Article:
Anxiety Healing Brain Chemical’s Production Is Stimulated by Yoga Practice | Medical News Today

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Science Proves Yoga’s Benefits

All of us who practice yoga regularly know of the many benefits that we may receive through the practice. Whether it be lessening anxiety, finding mental calm and stability, or pressing to a handstand, yoga is there to provide the option you need. However, recent discoveries by the medical community are beginning to prove and strengthen what we already know, or would like to know for certain. In this awesome article from, new info is presented that proves yoga is a highly advanced form of exercise that stimulates very deep healing responses in the human body, that go way beyond the physical! We always knew something good was happening inside us, but this knowledge is defenite food for practice. Enjoy!

Neurons Firing

Yoga’s Ability To Improve Mood And Lessen Anxiety Is Linked To Increased Levels Of A Critical Brain Chemical

Yoga has a greater positive effect on a person’s mood and anxiety level than walking and other forms of exercise, which may be due to higher levels of the brain chemical GABA according to an article in The Journal of Alternative and Complementary Medicine, a peer-reviewed journal published by Mary Ann Liebert, Inc. The article is available free online.

Yoga has been shown to increase the level of gamma-aminobutyric acid, or GABA, a chemical in the brain that helps to regulate nerve activity. GABA activity is reduced in people with mood and anxiety disorders, and drugs that increase GABA activity are commonly prescribed to improve mood and decrease anxiety.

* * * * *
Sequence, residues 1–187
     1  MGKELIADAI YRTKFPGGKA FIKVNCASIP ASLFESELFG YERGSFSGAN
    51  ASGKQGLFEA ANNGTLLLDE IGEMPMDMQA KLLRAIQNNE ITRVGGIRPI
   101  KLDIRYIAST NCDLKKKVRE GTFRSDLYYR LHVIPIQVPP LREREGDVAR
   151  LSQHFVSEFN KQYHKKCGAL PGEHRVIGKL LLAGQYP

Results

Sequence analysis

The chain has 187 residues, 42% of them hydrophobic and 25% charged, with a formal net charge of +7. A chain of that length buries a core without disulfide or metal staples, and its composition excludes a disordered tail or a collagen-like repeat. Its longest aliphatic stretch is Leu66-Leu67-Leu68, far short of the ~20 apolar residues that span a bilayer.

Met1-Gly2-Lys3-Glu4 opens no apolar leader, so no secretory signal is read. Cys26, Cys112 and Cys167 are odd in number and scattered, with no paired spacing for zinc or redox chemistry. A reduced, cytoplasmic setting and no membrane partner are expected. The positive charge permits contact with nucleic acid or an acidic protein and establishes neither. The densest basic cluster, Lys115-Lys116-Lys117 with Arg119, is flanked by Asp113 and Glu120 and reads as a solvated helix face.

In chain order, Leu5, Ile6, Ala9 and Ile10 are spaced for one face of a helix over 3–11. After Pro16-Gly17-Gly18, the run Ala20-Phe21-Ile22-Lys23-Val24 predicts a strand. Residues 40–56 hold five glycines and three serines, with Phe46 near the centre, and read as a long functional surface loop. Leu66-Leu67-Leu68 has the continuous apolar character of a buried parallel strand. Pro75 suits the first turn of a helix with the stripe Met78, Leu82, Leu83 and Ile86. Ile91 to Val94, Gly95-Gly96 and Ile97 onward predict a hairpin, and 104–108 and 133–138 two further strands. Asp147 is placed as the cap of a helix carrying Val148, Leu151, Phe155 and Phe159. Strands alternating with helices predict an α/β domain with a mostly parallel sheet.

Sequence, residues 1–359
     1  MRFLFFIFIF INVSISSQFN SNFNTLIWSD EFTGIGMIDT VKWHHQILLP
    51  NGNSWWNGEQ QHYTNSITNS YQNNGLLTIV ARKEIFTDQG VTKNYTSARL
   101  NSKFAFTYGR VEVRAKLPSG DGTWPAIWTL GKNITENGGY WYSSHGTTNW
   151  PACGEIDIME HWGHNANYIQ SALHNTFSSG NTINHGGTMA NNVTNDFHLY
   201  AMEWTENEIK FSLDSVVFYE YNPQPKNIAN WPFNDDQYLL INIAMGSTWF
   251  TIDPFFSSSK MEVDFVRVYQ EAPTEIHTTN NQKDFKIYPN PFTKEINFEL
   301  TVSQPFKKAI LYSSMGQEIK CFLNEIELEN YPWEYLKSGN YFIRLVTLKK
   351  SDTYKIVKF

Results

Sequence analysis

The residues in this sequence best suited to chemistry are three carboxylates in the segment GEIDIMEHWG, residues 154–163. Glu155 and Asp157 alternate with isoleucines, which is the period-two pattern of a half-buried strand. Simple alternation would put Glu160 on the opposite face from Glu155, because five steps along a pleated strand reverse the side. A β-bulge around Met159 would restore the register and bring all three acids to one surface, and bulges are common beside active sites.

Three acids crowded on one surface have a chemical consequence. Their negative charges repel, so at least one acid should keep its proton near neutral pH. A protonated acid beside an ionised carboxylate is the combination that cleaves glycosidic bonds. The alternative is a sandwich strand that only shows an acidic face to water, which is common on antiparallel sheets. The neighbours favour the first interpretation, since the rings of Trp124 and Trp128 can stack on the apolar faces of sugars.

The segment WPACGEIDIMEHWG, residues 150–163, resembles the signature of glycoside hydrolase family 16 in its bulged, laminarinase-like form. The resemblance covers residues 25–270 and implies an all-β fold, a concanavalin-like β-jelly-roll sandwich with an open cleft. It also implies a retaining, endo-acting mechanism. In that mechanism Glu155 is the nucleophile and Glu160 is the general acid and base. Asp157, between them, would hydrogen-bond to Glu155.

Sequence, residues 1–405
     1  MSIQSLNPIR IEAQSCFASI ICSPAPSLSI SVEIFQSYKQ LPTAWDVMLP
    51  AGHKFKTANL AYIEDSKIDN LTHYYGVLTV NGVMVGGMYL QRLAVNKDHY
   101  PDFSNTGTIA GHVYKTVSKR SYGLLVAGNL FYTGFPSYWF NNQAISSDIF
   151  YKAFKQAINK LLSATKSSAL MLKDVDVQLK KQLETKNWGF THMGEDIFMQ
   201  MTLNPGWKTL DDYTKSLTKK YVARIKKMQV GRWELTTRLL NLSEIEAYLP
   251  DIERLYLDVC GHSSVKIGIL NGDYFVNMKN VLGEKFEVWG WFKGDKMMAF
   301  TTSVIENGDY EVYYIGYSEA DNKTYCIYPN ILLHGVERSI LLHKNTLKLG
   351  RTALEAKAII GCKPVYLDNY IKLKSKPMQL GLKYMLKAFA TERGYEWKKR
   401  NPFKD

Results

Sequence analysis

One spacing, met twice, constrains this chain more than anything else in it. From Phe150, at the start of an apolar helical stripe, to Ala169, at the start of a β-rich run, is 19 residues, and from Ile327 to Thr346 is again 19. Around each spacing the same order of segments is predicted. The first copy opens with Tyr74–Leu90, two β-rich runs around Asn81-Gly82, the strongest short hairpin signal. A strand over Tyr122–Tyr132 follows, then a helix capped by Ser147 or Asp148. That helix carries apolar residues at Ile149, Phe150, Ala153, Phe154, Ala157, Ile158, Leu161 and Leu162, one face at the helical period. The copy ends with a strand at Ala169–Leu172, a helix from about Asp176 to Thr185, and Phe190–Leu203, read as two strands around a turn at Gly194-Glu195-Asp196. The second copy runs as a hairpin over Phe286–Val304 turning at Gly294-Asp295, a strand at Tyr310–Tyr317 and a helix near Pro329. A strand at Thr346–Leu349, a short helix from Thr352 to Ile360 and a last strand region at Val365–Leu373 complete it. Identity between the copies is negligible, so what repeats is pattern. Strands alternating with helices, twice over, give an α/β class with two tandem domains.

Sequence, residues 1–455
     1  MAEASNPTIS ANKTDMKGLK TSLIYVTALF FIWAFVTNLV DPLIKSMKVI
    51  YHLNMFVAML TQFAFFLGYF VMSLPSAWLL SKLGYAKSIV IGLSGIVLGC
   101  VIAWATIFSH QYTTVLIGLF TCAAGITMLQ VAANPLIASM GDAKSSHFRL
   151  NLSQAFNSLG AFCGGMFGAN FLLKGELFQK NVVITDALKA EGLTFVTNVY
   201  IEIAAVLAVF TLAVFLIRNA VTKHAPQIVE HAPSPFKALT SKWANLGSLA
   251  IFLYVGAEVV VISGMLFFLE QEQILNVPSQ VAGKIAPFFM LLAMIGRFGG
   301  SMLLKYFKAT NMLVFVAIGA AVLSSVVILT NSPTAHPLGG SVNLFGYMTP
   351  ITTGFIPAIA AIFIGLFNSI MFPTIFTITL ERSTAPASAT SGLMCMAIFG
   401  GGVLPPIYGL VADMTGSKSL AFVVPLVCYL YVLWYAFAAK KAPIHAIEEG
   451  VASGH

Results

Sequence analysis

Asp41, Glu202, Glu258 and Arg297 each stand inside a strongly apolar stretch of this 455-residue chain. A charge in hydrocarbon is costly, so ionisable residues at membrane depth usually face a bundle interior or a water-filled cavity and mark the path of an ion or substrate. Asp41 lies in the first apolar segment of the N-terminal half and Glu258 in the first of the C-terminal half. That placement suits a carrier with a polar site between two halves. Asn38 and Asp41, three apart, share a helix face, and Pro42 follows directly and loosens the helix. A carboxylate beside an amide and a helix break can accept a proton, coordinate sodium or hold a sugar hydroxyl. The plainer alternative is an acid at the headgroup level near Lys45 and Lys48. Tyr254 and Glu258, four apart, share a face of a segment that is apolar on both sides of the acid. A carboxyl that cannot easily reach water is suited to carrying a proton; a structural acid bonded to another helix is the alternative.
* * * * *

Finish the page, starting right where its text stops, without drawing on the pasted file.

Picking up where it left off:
Tying all of these observations together, the study by Chris Streeter, MD, from Boston University School of Medicine (Massachusetts) and colleagues demonstrates that increased GABA levels measured after a session of yoga postures are associated with improved mood and decreased anxiety. Their findings establish a new link between yoga, higher levels of GABA in the thalamus, and improvements in mood and anxiety based on psychological assessments. The authors suggest that the practice of yoga stimulates specific brain areas, thereby giving rise to changes in endogenous antidepressant neurotransmitters such as GABA.

“This is important work that establishes some objective bases for the effects that highly trained practitioners of yoga therapy throughout the world see on a daily basis. What is important now is that these findings are further investigated in long-term studies to establish just how sustainable such changes can be in the search for safe non-drug treatments for depression”, says Kim A. Jobst, MA, DM, MRCP, MFHom, DipAc, Editor-in-Chief of The Journal of Alternative and Complementary Medicine.

Check out the original article and more here!